The Jonathan Byrd family continues their Indianapolis 500 legacy Sunday that began in 1985 at the Indianapolis Motor Speedway.
The late family patriarch Jonathan Byrd had his first car sponsorship in late-model Figure-8s at the Indianapolis Speedrome in 1982 before advancing to the Indianapolis Motor Speedway with midget-sprint car ace Rich Vogler. The hard-charging driver had a top finish of eighth place in the 500. He died in a sprint car accident in 2016 at Salem Speedway.
Matriarch Ginny Byrd remains as “team mom,” cheerleader, encourager and baker of goodies for the team. Son David Byrd heads the operations for Byrd Racing and family enterprises in the Phoenix area, including four hotels and Jonathan Byrd II continues his involvement in motorsports as president of the Indianapolis Speedrome.
The sons grew up in Greenwood where their parents owned former Kentucky Fried Chicken franchises in Johnson County and Jonathan Byrd’s Cafeteria in Greenwood. No longer on the Southside, the family continues the heritage with Jonathan Byrd’s Hospitality and Restaurant Group, including 502 East Event Center in Carmel.
David Byrd has teamed Byrd Racing with veteran 500 team owner Dale Coyne in a Honda-powered entry with Australian driver James Davison for the second time. Byrd came to his first 500 as an 8-year-old boy when his passion for the 500 and open wheel racing was fostered.
“This is something our family can do together,” Byrd said.
He spoke lovingly of what he learned from his father who died in 2009 about the sport that can be an ecstatic to tragic experience.
“Stay in your lane,” Byrd replied immediately. “Make sure you can do what you do well. You cannot second-guess and you have to stay focused on what you can do and let those on your team focus on their duties.
“There’s a lot of outside interference here (500) that you have to ignore,” Byrd continued. “I know I have earned my way to be able to do certain roles. Others here – drivers, crew chiefs, mechanics and crew members have earned it by the sweat of their brow. My role is to put the best program together at Indy.”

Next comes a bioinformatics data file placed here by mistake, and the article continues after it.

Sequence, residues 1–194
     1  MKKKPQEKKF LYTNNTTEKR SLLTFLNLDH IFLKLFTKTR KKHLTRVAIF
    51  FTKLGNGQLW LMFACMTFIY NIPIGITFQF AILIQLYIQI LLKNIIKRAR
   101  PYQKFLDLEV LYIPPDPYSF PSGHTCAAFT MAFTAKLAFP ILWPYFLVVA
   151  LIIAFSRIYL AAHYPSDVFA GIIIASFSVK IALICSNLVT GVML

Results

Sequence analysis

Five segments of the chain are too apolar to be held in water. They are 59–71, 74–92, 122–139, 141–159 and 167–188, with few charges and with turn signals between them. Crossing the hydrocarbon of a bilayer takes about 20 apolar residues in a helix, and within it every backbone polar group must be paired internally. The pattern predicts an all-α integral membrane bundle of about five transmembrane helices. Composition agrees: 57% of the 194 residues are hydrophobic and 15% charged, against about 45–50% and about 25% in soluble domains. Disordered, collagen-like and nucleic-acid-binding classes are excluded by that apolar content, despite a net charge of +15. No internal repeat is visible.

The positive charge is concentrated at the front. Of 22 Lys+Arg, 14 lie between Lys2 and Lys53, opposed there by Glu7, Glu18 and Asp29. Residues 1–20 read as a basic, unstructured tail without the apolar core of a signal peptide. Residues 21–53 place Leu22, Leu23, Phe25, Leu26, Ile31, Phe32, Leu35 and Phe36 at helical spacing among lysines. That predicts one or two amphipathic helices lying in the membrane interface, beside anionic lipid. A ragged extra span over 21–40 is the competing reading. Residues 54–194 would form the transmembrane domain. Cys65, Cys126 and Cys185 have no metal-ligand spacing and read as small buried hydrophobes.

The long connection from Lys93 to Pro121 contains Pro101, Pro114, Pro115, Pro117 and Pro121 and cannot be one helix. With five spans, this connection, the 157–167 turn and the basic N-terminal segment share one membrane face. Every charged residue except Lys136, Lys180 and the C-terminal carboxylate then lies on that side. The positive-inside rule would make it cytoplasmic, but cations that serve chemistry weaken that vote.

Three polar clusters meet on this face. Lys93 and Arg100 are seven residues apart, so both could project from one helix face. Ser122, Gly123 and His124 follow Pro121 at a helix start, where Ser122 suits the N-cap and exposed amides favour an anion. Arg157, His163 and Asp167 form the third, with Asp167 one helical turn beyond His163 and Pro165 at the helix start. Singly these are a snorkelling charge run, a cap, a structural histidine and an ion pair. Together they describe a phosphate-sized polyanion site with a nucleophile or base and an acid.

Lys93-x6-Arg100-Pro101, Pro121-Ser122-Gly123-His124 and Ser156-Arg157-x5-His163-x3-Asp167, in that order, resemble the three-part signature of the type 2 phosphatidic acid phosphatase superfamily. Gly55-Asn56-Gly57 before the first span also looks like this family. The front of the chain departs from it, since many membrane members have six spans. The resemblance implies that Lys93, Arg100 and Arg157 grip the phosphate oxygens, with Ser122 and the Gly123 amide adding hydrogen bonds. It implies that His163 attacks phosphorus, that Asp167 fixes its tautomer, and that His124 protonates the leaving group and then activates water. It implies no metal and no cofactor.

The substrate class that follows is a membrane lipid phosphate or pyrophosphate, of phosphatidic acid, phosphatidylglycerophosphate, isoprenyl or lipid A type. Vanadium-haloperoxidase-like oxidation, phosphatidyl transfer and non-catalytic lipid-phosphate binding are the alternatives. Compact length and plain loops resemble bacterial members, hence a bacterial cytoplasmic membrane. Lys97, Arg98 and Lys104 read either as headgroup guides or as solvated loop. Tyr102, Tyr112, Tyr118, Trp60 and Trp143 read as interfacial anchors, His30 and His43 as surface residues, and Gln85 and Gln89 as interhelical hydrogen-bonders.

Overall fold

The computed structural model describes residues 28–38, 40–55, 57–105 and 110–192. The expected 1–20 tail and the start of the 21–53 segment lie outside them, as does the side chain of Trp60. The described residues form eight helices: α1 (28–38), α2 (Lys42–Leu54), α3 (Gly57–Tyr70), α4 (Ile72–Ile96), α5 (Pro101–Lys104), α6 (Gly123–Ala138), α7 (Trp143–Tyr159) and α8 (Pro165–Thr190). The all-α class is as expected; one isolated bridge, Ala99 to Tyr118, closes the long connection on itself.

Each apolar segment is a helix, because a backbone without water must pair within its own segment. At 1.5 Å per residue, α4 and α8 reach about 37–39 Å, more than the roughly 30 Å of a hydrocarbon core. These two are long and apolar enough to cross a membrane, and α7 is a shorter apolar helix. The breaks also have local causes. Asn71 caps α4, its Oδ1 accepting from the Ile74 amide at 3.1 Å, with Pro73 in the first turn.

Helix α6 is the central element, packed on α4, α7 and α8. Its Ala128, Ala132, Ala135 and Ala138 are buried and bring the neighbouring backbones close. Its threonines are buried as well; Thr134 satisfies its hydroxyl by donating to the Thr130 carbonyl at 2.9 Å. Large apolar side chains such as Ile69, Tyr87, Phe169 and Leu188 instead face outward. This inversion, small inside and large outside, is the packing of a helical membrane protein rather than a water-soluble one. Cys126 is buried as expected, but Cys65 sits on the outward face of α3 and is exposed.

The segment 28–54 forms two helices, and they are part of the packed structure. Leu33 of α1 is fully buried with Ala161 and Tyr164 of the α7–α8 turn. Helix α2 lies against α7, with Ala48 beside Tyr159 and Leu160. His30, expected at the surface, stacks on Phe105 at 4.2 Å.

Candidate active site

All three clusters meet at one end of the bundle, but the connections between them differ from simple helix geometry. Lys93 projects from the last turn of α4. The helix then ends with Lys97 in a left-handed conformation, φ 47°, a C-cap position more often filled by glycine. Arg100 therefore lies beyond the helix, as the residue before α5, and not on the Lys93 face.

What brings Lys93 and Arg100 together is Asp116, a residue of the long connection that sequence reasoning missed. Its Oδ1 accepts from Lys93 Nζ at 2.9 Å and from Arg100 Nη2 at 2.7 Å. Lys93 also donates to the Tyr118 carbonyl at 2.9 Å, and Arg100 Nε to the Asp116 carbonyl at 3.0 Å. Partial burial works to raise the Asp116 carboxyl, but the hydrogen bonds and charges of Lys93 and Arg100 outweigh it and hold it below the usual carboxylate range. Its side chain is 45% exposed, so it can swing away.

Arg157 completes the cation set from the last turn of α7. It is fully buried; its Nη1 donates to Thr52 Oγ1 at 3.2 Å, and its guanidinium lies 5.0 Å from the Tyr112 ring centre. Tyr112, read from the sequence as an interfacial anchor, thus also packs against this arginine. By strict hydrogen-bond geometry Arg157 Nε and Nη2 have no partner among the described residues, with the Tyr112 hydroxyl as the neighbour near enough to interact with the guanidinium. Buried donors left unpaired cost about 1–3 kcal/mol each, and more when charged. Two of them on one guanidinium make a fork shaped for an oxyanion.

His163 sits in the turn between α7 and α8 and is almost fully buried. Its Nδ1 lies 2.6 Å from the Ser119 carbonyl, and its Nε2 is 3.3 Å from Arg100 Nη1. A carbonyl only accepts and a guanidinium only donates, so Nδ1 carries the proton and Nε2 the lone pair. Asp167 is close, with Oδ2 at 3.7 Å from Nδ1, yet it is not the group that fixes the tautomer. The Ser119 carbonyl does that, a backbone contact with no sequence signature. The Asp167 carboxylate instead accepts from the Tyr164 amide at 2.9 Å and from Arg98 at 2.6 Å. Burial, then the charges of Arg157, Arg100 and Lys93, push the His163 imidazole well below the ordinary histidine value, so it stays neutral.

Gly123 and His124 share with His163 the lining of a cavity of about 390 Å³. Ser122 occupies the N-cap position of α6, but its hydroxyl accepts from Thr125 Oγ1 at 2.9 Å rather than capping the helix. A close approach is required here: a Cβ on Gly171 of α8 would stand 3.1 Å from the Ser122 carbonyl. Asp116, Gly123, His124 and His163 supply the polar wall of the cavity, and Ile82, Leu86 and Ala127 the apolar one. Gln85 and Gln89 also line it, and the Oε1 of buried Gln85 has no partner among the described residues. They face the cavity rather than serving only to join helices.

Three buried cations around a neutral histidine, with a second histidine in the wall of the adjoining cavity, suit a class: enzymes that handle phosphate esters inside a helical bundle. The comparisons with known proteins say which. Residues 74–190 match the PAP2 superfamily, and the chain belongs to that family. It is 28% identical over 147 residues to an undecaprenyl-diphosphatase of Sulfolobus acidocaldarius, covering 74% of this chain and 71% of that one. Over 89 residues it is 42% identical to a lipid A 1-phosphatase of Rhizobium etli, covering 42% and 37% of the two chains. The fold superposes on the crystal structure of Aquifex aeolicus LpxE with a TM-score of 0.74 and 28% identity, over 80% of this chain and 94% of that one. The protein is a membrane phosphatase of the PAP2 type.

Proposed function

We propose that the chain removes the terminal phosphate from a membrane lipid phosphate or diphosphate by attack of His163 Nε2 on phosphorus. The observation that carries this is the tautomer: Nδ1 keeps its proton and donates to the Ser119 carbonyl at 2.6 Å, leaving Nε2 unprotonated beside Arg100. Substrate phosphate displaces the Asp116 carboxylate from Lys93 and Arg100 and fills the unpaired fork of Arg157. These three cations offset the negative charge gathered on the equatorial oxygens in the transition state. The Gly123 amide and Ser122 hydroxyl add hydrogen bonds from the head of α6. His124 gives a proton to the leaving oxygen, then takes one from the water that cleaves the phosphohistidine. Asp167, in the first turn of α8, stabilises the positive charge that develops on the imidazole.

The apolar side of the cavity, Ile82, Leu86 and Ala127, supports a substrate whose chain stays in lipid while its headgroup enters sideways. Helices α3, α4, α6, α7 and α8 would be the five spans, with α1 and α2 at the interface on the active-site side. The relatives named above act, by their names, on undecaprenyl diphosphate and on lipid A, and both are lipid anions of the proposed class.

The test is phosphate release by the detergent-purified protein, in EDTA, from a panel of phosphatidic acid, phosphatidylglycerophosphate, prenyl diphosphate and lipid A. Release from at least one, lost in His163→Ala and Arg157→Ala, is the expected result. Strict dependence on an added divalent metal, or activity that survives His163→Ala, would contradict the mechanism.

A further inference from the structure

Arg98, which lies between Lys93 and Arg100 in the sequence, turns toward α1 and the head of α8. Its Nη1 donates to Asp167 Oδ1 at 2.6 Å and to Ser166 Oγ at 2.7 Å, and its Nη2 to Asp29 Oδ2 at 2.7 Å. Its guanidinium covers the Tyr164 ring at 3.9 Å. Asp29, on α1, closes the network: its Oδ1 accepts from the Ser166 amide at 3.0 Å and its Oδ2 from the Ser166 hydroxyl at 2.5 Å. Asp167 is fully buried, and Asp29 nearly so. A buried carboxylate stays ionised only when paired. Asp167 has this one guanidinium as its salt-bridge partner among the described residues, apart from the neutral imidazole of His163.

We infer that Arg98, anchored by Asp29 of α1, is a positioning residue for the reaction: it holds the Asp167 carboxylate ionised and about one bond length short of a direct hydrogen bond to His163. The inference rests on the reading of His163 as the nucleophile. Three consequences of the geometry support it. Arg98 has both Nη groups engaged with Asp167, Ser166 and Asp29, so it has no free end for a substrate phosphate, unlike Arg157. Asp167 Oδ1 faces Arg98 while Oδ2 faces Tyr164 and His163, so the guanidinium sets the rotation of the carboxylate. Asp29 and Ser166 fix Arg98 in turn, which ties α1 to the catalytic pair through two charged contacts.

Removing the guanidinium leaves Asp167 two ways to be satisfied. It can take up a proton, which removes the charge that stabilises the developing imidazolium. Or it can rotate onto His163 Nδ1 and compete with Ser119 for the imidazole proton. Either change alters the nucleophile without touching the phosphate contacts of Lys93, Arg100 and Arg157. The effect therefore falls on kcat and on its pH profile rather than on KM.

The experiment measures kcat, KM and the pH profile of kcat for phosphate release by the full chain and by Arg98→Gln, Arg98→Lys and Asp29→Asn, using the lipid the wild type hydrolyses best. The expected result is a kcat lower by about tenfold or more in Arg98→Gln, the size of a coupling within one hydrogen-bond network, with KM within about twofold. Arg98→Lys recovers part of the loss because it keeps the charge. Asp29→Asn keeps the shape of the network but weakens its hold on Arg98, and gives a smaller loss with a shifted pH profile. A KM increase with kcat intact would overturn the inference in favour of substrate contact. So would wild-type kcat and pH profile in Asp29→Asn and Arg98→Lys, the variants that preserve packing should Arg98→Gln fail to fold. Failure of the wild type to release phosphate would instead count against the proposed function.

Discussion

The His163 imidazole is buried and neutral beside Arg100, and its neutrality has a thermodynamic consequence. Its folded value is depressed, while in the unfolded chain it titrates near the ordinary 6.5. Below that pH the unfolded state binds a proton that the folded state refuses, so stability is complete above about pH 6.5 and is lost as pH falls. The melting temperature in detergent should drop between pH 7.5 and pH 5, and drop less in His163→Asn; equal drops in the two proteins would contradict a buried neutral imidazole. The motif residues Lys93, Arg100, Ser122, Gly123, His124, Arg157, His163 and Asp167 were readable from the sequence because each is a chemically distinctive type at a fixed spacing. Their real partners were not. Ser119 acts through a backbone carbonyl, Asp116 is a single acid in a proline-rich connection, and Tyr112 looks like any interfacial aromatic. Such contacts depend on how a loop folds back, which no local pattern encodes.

He expressed respect for Coyne whom they teamed with at the 500 two years ago.
“He has a top-flight program,” Byrd said. “He, like us, utilizes his business interests to support racing.”
The Byrd family also is involved as a co-entrant in USAC Silver Crown and sprint car races for drivers Chris Windom and Kevin Thomas. Byrd is a co-entrant for Windham in the Indy Lights Freedom 100 Friday at the Speedway.
Byrd is among nine “one-off” efforts and he admits, “It definitely is a challenge.”
They were up for the challenge Saturday during one-day time trials to determine positions 10-30 for the 103rd running of the Indianapolis 500 Sunday. Davison qualified Saturday at 228.273 and will start on the outside of the fifth row.
“This is such a team sport, and when you’re a one-off team, you don’t have the chemistry and momentum that the full-season teams do,” Davison, a second-generation driver said. “For my guys, as a group, to pull that off, I’m just so proud of them. “I feel like I’m on cloud nine.”
Davison also brings a bit of nostalgia to the Coyne-Byrd-Belardi entry by honoring his late grandfather, Gaze Davison, a decorated World War II Spitfire pilot who was honored with the Distinguished Flying Cross three times.
His helmet recognizes Gaze’s heroics with classic RAF colors with the Distinguished Flying Cross and two bars. Gaze Davison also became the first Australian driver in Formula I in 1952 at the Belgian Grand Prix.
The combined Byrd-Coyne-Belardi No. 33 entry picked up a new sponsor, SAFE, a revolutionary brand of antifreeze that is non-toxic. The company is owned by Bradley Miller who also owns businesses in Phoenix, Arizona.
Byrd’s best moment came in 1996 when Arie Luyendyk, driving for co-entrants John Treadway and Jonathan Byrd, set one-lap (237.498 mph) and four-lap (236.986 mph) that still stand. And later with Vogler-like charger Bryan Clauson, they led the 500 for the first time in 2016.
However, tragedy struck again as Clauson died in a racing accident later that same year.
They did not enter a race car for the 500 in 2017 race but returned last year with Davison to continue a racing legacy that began at the Speedrome and a food service legacy that began in Greenwood.